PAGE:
Guardian Angels named PNC its Sponsor of the Year for 2020. PNC remains proud to work with Guardian Angels, which maintains a remarkable track record with veterans. Tragically, during the past decade-plus, an average of 17 veterans died by suicide each day, according to a 2019 report from the Department of Veteran Affairs. Yet none of the more than 350 veterans paired with Guardian Angels service dogs since the organization’s founding in 2010 are among those statistics.

“This is a solution that works, and not enough people know about it,” said Chris Phillips, a Marine veteran who works for PNC as a military affairs liaison and leads efforts to support Guardian Angels’ execution of the Mutt Strut events. “You never realize whose lives you’re changing until somebody reaches out.”

Leading by Example

Phillips hopes success of the virtual version of the Mutt Strut means PNC and Guardian Angels’ message will begin to reach veterans online rather than relying solely on attendance at in-person events.

“Veterans don’t serve by ZIP code,” she said. “I think this year, we really tried to show that we’re serving all of our veterans from every community out there.”

While fundraising is critical to its mission, initiating conversations about disabilities with veterans is just as high a priority for Guardian Angels and its sponsors.

“When I have an opportunity to talk to veterans directly,” Borden said, “I encourage them to not only understand what these dogs can do for them — some things that not even a caregiver is able to do — I also make them realize they’re leaders, and they’re role models to other veterans. It’s not just for those with PTSD, either. Whether their disability is related to mental health or mobility, veterans need to experience the impact a service dog can have on their own lives and then share that, and they do.”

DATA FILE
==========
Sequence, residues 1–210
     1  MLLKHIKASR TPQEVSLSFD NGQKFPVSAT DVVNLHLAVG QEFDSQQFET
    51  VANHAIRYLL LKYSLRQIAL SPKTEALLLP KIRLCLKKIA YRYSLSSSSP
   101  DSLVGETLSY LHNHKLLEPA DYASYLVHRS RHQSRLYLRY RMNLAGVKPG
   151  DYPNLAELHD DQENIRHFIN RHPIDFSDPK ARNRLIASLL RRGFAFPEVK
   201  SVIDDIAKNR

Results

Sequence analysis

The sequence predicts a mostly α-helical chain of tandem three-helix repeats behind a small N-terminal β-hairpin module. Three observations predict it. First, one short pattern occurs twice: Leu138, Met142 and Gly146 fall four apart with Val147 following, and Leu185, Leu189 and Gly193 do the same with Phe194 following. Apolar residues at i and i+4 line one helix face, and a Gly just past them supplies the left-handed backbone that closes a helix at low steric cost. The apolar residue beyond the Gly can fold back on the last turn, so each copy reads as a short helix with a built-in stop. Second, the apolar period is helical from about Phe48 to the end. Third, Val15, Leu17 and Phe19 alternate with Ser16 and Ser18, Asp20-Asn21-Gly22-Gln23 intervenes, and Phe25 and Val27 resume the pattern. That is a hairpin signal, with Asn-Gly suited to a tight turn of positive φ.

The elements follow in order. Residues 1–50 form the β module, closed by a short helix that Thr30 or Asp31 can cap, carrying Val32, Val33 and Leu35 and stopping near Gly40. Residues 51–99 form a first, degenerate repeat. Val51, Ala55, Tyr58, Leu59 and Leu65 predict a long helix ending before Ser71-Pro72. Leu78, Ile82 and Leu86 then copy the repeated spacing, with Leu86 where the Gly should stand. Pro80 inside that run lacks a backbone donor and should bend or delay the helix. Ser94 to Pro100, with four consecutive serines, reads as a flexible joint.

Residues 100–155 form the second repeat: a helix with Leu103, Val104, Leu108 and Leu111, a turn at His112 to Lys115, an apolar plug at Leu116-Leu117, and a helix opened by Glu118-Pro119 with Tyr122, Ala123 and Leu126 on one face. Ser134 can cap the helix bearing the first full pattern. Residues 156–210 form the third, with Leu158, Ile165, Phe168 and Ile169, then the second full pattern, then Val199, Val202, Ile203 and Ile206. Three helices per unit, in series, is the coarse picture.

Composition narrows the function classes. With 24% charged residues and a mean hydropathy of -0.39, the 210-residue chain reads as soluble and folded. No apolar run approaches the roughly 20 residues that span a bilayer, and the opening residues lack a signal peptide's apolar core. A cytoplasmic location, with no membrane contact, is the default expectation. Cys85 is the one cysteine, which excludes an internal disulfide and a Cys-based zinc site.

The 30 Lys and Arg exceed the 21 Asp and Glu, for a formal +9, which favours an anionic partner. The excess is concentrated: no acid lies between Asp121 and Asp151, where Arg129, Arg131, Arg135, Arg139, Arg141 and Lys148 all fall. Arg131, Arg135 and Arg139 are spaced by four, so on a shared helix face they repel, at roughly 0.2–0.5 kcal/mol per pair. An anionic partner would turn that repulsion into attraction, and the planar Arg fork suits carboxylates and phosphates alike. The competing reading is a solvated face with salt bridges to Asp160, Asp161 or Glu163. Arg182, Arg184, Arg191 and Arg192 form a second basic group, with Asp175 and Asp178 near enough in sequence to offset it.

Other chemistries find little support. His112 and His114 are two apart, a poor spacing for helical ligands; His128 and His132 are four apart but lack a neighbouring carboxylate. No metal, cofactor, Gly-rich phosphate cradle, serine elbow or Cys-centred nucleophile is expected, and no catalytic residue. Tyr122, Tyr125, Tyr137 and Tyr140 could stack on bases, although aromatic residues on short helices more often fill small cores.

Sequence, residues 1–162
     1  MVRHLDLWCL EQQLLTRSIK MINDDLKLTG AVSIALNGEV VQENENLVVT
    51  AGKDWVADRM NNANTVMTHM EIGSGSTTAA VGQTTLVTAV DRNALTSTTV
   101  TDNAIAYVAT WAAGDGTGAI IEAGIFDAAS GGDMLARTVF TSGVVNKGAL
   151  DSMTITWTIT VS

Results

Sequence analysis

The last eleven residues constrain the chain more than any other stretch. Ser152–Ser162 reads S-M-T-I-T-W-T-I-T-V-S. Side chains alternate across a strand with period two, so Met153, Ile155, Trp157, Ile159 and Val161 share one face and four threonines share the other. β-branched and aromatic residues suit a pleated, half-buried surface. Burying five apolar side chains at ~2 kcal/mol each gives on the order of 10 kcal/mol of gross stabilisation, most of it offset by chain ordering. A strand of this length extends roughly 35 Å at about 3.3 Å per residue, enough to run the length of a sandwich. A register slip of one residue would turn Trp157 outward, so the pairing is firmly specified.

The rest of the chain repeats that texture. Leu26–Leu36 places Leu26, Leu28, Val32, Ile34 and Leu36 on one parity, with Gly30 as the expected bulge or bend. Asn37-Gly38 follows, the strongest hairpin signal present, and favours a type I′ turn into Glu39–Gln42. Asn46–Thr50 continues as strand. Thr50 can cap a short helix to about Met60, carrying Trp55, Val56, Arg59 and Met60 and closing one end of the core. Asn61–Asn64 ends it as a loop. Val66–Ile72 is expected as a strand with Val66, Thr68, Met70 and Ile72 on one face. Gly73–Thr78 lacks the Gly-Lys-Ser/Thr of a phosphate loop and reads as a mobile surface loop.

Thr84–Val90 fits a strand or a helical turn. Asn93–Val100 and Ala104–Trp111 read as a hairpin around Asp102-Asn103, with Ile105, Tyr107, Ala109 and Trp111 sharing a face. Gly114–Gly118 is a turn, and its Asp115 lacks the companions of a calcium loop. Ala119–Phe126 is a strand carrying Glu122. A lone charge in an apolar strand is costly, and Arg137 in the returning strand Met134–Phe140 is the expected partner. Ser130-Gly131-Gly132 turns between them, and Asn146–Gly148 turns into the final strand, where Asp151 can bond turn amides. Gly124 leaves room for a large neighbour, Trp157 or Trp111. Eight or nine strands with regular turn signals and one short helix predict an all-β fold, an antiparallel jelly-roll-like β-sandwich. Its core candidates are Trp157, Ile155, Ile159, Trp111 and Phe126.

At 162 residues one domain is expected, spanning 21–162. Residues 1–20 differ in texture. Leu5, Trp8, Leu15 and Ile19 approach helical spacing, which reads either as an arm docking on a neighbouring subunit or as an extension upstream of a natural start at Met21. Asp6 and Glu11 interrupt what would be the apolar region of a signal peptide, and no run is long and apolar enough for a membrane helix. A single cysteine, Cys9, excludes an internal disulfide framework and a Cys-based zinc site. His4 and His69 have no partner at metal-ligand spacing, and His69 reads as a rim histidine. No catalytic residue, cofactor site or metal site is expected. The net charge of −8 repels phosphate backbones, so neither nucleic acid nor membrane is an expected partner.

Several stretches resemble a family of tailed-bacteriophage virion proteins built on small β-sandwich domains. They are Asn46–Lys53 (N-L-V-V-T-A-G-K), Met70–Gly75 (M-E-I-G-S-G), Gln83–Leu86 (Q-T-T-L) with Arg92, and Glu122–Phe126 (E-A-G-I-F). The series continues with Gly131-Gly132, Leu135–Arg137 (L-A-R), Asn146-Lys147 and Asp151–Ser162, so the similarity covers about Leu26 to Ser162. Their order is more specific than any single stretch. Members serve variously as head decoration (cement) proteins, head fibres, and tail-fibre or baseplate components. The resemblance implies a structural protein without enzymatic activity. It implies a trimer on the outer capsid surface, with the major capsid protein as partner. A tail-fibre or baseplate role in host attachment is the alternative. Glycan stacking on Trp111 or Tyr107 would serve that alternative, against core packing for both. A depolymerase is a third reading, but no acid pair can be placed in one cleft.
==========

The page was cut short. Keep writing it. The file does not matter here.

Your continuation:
Army veteran John Kelly received his Guardian Angels service dog, Ranger, in 2016 and soon became a passionate proponent for the cause.

“For a long time, I was without what I would consider, in like a Samurai sense, my honor,” Kelly said. “I was walking around as empty as a shell. And you guys helped bring me back from that.

“With the strategic vision of the Mutt Strut and Guardian Angels supported by PNC, you’re saving lives every day.”

  • Most Recent News

    Oscar The Blind Dog

    November 25, 2020

    In the weeks leading up to a heated presidential election, another close race played out that had dog lovers across the country faithfully voting online every 24 hours for their favorite furry friends. For four weeks, from Sept. 10 to Oct. 9, nearly 1 million votes were cast in Garden & Gun magazine’s Good Dog […]

    Read more

    Genius Dog Challenge

    November 25, 2020

    Six dogs are competing to become the world’s smartest dog – a title reserved for the pooch that learns words the fastest. Shany Dror is a driving force behind the Genius Dog Challenge, which is live streamed on Facebook and YouTube every week until December 16, when the winner will be announced. The canine challenge […]

    Read more

    Finding Homes For Dogs

    November 25, 2020